When the bubonic plague swept through England in the summer of 1665, people left food for the sick on stones that marked the boundaries between villages. Last week, Millie says, on an overcast Sunday afternoon in south London, “it felt like my doorstep had become a plague stone.”
The food was hardly medieval: a marbled brioche from a supermarket in Marylebone. And the delivery wasn’t made by a neighbouring townsperson, but by the man Millie has been dating for the last two months. Millie, 26, had been self-isolating in her flat after falling ill a couple of days earlier. “I refused to kiss him,” she says. “We just stood in my doorway and laughed. He had eaten half the brioche on his cycle over.”
Coronavirus has upended nearly every part of society, and the dating world is no exception. Basic elements of getting to know someone physically (kissing, holding hands, touching, standing close to each other) contain new risk. But even if the disease has put a pause on some embodiments of affection, it doesn’t stop the yearning. The search for love, in a few short days, has adjusted to new realities.
Alex Durrant runs JigTalk, a dating app in which jigsaw pieces hide a user’s photo and disappear one by one as messages are exchanged. Recently, those pieces have been disappearing quicker than usual. Average messages exchanged per match are up 27 per cent this week, and the number of existing users returning to the app is also on the up. “It’s being treated more as a place to come and talk to people,” Durrant says. “People are replacing the demand for the dating element with the talking element.”
The desire to talk is telling. “During times of great uncertainty people yearn for more intimacy,” says Rachael Lloyd, a relationship expert at eHarmony. After the 11 September attacks, when the New York subways were closed, and many people stayed at home, the dating platform eHarmony paused all its advertising in the US. It still saw its activity increase by a third.
But what if you want to go beyond talking? A face-to-face date? “Evaluating the risk as to whether you should still go on a date is down to three things,” says Viren Swami, social psychology professor at Anglia Ruskin University. “The likelihood of something bad happening, your ability to control that thing happening, and how catastrophic the results could be.” The problem is, not many of us know how to evaluate those things, even if we’ve been keeping up with the latest government advice. Different people are drawing the line in different places.
Some have already tried to mitigate against later loneliness. Millie has friends who were determined to get “cuffed before corona” so they wouldn’t have to quarantine alone. Others continue to lean towards dating in person, albeit with caution. Meike Imberg, a 27-year-old client account manager from Germany, has been talking to a woman on Her, a queer dating app. They’ve left each other voice notes and joked about a sunny date in July. But they’ve hinted that they want to see each other sooner (while keeping two metres apart). With the right person, Imberg would pop that all important question. “If I really click with the person, I would carefully and diplomatically say: ‘I really like you. Do you still want to keep the social distancing, or can we get closer?’”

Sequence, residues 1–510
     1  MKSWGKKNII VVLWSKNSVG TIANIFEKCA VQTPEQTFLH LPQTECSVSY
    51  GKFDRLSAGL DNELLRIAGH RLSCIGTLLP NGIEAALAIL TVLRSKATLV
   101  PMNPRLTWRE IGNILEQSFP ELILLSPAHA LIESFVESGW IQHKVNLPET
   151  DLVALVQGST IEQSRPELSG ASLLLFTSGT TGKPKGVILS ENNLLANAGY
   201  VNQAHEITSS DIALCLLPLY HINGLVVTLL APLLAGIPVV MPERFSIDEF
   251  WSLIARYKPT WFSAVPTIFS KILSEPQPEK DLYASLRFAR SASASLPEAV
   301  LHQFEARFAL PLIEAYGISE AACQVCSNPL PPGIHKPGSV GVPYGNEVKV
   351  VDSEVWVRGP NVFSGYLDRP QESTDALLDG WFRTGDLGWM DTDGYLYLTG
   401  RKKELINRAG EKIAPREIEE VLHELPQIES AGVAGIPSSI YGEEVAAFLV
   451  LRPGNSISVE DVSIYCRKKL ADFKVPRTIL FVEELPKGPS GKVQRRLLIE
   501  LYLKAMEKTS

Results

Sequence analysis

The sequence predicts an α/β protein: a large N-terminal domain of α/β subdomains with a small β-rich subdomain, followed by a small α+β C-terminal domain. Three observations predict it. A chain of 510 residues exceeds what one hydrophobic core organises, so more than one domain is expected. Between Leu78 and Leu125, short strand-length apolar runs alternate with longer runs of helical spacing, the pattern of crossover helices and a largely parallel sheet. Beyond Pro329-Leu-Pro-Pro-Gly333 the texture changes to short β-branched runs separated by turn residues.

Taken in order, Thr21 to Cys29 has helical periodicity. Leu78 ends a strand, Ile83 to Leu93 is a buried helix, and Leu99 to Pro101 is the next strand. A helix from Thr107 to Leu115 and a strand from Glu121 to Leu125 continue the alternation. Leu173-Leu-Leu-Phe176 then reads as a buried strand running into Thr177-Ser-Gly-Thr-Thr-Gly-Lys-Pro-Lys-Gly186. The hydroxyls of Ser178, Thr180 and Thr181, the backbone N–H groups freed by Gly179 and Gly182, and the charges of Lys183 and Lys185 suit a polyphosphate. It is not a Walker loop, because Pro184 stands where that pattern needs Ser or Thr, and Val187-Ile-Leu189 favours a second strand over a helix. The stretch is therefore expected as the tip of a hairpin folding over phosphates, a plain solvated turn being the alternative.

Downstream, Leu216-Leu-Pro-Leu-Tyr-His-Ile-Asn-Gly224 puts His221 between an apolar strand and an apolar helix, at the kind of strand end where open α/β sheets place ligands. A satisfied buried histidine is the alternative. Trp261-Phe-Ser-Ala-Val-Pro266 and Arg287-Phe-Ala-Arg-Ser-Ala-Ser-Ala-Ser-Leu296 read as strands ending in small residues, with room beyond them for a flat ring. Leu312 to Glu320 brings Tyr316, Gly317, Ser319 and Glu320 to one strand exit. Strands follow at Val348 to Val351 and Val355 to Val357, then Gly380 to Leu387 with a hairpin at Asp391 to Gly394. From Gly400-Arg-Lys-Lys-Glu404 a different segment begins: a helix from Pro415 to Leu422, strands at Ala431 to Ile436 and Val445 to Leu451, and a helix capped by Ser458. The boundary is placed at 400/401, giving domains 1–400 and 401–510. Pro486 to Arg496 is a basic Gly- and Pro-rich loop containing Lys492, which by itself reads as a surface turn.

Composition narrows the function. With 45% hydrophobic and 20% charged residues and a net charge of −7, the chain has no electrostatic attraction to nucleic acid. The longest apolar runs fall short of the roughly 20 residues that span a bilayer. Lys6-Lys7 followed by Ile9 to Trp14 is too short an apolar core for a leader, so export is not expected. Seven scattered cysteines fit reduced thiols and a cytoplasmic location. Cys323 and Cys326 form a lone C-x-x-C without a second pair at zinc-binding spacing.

People who started dating someone before the pandemic set in are being forced into serious discussions much earlier than usual. “All the deep conversations you might have with someone a year in,” says Millie, “I’m having to have now because there’s a global pandemic.” It leaves little room for “just seeing what happens”. Ash, a 22-year-old digital coordinator, has limited hope for the man she’s been dating from Hinge. “We’re essentially a suburb apart. If I really wanted to, I could walk to him. I just don’t think we’ve built enough of a base to get over what could be a city shutdown.”
And even for people in full-blown relationships, the situation can be complex. Neil, an entrepreneur in his 40s from Cardiff, is solo polyamorous: he is in relationships with three women, all of whom date other people. One is self-isolating because her son has a fever, and another is cautious about her lung health due to her profession. The latter has said to Neil that if he has physical contact with his other partners, she won’t be able to see him. He is limiting physical contact with all three. “To choose one partner would be difficult,” Neil says. “It’s basically an act of favouritism.”
A hopeful reading is that the constraints put on us by coronavirus might make better lovers, as well as friends, out of all of us. Dr Justin Garcia, the scientific advisor to Match.com, thinks there might be benefits in people “connecting even more, talking more, having deeper conversations, having more time, and using our digital platforms to connect in different ways”.
Eve agrees: “It might push you to realise what you’re looking for,” she suggests. “I think if you’ve got infinite choice, as you do with dating apps, you become lazy and your expectations are completely different. Whereas now it’s almost going back to basics: what is it that I want?”
What is it that we want? The answer, in large part, seems to be each other. And romance still survives this current reality. Could Imberg see herself quarantining with the woman she’s been talking to? “Absolutely,” she responds. “I would see it as a little adventure.”
Some names have been changed.